October 16, 2011

Celebrating Father Vlugt

St. Joseph church in Tabaris, Ashrafiyeh

I’m not much of a religious person. You’ll find me in church for weddings and funerals, and that’s about it. Maybe a Midnight Mass on Christmas. But today it was on occasion for a celebration in church. Mind you, I first showed up at the wrong church, because how many St. Joseph churches can you have in Ashrafiya? Well, quite a few, it seems. But being Dutch, you show up on time, and so my mishap wasn’t noticed.

Father Vlugt in between his congregation

The celebration was for a Dutch Jesuit priest, Theo Vlugt, who has been in Lebanon for some 60 years now, of which 50 as a Jesuit priest. In the Dutch community he is primarily known as the gentleman who played ‘St. Nicolas’ on December the 5th for years and years. A number of generations of Dutch children growing up in Lebanon know him as ‘Sinterklaas’.

The Missionaries of Charity; the nuns of Mother Theresa

But for many years, Father Theo Vlugt real job was working in education with the poor in Lebanon. However, when he noticed that his brothers and sisters had all become grandparents, he decided it was time to get out. The last decades he has been helping the migrant worker community as the head of the Afro-Asian Migrant Center  in Lebanon.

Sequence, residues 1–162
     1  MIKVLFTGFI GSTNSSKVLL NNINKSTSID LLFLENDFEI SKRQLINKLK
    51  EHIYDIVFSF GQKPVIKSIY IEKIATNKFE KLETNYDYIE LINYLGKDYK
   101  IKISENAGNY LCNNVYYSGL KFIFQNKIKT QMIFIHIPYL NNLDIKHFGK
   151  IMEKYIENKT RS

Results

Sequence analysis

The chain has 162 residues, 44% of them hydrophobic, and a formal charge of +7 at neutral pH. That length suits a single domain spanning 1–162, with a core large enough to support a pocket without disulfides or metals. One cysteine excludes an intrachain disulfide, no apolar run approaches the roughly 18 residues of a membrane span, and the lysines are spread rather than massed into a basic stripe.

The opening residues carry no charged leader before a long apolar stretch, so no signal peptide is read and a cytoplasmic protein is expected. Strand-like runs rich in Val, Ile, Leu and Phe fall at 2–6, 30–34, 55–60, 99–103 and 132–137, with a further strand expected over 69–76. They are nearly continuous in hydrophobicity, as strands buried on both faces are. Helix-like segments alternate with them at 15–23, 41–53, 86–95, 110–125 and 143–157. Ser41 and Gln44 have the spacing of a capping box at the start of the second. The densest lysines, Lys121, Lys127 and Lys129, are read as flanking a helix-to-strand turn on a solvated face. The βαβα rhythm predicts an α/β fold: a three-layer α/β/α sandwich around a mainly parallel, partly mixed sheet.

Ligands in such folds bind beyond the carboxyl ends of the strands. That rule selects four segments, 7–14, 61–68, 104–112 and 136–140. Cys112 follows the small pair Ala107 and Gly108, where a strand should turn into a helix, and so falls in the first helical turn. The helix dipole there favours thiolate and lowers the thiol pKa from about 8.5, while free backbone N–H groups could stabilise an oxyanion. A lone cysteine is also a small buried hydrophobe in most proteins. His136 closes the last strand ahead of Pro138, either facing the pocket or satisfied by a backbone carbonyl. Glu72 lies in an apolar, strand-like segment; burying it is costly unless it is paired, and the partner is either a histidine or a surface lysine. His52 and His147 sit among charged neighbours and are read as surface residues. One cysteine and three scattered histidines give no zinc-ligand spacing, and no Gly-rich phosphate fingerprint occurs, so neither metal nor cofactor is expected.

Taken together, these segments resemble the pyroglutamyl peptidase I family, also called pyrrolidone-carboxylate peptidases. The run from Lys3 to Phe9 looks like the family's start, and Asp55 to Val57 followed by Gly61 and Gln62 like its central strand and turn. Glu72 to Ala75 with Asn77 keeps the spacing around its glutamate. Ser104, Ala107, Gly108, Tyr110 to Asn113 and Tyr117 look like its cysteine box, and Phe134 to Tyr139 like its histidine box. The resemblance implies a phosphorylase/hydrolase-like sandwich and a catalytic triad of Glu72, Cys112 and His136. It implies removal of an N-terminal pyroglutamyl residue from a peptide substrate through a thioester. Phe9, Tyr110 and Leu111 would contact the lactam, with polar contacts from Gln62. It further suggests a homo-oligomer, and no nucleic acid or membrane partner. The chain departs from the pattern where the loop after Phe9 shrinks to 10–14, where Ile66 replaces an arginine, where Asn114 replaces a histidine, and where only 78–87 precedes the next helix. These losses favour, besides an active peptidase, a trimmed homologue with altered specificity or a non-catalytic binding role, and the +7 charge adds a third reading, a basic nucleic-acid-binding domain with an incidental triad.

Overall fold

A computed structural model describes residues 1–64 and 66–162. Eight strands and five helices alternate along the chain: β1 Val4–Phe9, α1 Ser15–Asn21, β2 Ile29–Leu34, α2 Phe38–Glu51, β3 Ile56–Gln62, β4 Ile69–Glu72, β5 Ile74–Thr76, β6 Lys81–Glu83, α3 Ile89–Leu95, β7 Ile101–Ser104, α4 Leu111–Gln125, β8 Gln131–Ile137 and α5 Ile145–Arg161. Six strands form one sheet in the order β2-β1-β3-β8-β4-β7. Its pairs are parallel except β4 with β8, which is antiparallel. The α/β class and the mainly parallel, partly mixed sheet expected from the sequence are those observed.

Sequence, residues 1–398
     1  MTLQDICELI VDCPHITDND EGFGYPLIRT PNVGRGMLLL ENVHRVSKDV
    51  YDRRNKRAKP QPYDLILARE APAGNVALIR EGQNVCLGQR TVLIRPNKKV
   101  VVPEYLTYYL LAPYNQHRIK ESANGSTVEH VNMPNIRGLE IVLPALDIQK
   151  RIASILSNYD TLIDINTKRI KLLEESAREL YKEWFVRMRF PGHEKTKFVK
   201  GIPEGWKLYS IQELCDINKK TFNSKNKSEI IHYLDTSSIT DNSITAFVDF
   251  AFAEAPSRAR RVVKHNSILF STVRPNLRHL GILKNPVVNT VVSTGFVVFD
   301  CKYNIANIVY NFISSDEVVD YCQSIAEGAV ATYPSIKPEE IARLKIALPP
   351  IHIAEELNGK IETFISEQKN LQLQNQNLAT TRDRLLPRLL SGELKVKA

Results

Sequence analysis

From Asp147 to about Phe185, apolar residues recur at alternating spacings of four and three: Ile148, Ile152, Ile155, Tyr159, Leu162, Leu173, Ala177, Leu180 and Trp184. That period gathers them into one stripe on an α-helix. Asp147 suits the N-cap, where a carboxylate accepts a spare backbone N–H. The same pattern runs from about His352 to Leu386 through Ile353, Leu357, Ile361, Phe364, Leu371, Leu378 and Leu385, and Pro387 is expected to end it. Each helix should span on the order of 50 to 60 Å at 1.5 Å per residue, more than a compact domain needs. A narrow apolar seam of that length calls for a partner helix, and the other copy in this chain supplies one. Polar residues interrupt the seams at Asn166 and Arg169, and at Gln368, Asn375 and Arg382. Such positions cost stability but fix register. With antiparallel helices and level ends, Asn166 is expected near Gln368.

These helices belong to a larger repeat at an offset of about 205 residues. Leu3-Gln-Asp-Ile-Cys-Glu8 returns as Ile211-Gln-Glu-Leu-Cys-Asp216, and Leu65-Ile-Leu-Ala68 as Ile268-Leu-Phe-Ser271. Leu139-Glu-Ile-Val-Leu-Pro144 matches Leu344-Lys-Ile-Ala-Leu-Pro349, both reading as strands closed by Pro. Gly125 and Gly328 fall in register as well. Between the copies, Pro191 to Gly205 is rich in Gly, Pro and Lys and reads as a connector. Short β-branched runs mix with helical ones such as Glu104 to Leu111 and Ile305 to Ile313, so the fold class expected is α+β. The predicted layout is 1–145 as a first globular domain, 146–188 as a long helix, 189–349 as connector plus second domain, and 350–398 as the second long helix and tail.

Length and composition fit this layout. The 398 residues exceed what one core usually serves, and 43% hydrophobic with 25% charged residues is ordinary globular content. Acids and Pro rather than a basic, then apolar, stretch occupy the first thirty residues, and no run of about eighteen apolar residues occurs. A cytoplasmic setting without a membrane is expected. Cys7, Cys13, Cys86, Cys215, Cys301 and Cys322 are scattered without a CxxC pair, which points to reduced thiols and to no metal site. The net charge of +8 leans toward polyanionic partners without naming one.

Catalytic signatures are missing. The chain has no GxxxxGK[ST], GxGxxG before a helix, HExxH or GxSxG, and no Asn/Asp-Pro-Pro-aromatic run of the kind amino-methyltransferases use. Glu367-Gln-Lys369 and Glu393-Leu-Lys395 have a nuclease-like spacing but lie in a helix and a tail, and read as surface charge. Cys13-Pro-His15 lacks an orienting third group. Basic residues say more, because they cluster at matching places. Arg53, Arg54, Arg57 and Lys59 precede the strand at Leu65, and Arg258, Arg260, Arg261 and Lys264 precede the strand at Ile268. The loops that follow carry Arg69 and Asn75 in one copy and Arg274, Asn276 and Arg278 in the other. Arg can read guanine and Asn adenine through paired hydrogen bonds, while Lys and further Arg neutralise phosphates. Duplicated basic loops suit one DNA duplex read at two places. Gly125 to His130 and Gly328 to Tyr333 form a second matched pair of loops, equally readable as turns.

The child of a mixed union (Fillipino mother, Lebanse father). Athough you see it more and more, these children face incredible discrimination, as their mothers are considered 'of lesser value' than their Lebanese counterparts.

Migrant workers, better known to you as the Pilipino and Ethiopian housekeepers, aren’t dealt a fair pack of cards by Lebanese law. Discrimination is rampant in this society, and they can – at times - be treated quite awfully. Employers can literally get away with murder. He’s been on the forefront for many years now to help these women and men and alleviate some of their problems.

Migrant children play the angels

The man, although 82 years old, still serves a community of some 200,000 migrant workers. And so the migrant community came out in force – at the Saint Joseph Church in Beirut – to celebrate this priest. I tell you, these ladies (they are mainly ladies) know how to sing and smile. The African ladies came with fantastic head dresses, the nuns of Mother Theresa were there and the Filipinos (those that are allowed out of the house on Sunday) all came in white. What a lovely sight, quite a difference from the austere masses I am familiar with. And so, I spent (part of) this Sunday in church to celebrate this remarkable man.


Here’s a nice interview with him in Dutch

The ladies of the incense


5 comments:

joseph said...

Great post, thank you.

Raffi said...

Interesting!

Mich said...

What a great way to celebrate such a remarkable man!

Charlotte said...

Tell me about it, you haven't experienced racism until you've been to the Middle East. Lebanese people often mistake me for a Russian woman, which basically means they assume my husband married a prostitute. Oh well...

Danielle said...

What a beautiful story! Great to see that there are some people in Lebanon fighting for the rights of migrant workers. Too bad that person isn't Lebanese!